An attorney representing one of the now-former Gwinnett County police officers charged in a violent 2017 traffic stop is trying to get the indictment against his client tossed.
In attempting to get now-former Sgt. Michael Bongiovanni off the hook, attorney Mike Puglise is also challenging the law that places new restrictions on the grand jury privileges of Georgia law enforcement officers facing possible criminal charges.
“It’s quite a novel idea,” Puglise, a former police officer himself, said of the argument he made last week in his motion to quash the indictment against Bongiovanni.
In 2016, Gov. Nathan Deal signed a law that took away accused law enforcement officers’ ability to sit through entire grand jury proceedings, listen to the evidence against them and then make a statement that couldn’t be challenged or questioned by prosecutors.
Georgia was the only state in the country that granted law enforcement personnel such privileges. The new law still gives officers the opportunity to testify in front of the grand jury but their statements are subject to cross-examination.
Puglise’s brief motion takes issue with one particular aspect of the new law — a section that instructs the prosecutor presenting the case to “advise the grand jury that an officer has the right to appear and testify or not to appear and testify and that, if the officer chooses not to testify, the grand jury shall not consider that in any way in making its decision.”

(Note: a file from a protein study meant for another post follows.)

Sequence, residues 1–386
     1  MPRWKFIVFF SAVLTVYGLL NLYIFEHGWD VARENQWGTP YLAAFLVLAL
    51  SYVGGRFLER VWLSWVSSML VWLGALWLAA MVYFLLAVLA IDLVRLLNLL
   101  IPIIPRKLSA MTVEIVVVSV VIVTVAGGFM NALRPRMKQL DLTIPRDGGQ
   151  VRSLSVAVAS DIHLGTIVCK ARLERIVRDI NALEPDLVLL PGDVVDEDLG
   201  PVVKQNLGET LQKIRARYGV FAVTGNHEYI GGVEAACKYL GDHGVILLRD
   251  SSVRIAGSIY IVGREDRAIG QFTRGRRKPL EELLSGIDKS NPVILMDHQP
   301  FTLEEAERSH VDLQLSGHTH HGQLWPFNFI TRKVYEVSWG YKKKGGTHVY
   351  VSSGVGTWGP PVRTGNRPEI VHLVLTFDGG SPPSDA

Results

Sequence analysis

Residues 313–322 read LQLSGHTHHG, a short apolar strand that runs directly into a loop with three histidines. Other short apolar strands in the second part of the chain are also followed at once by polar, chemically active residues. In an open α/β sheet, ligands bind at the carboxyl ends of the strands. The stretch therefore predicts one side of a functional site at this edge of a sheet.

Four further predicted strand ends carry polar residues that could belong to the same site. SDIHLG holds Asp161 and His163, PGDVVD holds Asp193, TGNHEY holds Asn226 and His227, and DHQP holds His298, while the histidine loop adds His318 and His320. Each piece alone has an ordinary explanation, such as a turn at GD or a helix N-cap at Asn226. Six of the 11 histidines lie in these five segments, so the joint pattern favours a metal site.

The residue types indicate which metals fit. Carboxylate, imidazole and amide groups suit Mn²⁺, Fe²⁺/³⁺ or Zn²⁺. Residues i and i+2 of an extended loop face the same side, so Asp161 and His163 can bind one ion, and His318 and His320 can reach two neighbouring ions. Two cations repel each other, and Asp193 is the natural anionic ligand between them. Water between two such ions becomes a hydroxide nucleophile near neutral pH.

Puglise said he’s arguing that the notification that his client — who didn’t testify before his grand jury — could have chosen to take the stand violates his Fifth Amendment right against self-incrimination.
“I think if you’re going to make [everyday defendants and law enforcement officers] equal, it’s all well and good,” Puglise said. “But go the whole enchilada, go the whole plate, and go where there’s not mention that they could’ve testified and chose not to.”
A hearing on Puglise’s motion and others was originally scheduled for this week. Due to attorney conflicts, it was rescheduled for September.
Gwinnett County District Attorney Danny Porter said in an email that he believes the statute — and his indictment — will withstand the legal challenge because the law “also provides for a warning to the officer before he testifies (if he testifies).”
Bongiovanni was indicted in February on a total of eight charges: aggravated assault, three counts of violation of oath of office, two counts of false writings and two counts of battery.
He and then-Master Police Officer Robert McDonald are both accused of unnecessarily striking a motorist during a May 12, 2017, traffic stop near Lawrenceville. Bongiovanni is also accused of Tasering the motorist, 21-year-old Demetrius Hollins, and lying in his official accounts of the incident.
McDonald faces three charges, including aggravated assault. That charge stems from him allegedly pointing his gun at Hollins’ head.
The Gwinnett County Police Department fired both men the day after the incident, when two bystander cellphone videos of the incident surfaced. They turned themselves in to face criminal charges about two weeks later and were released on bond.
McDonald’s legal team has previously argued that McDonald should have immunity from the charges against him and has asked that, if immunity is not granted, his case be tried separately from Bongiovanni.
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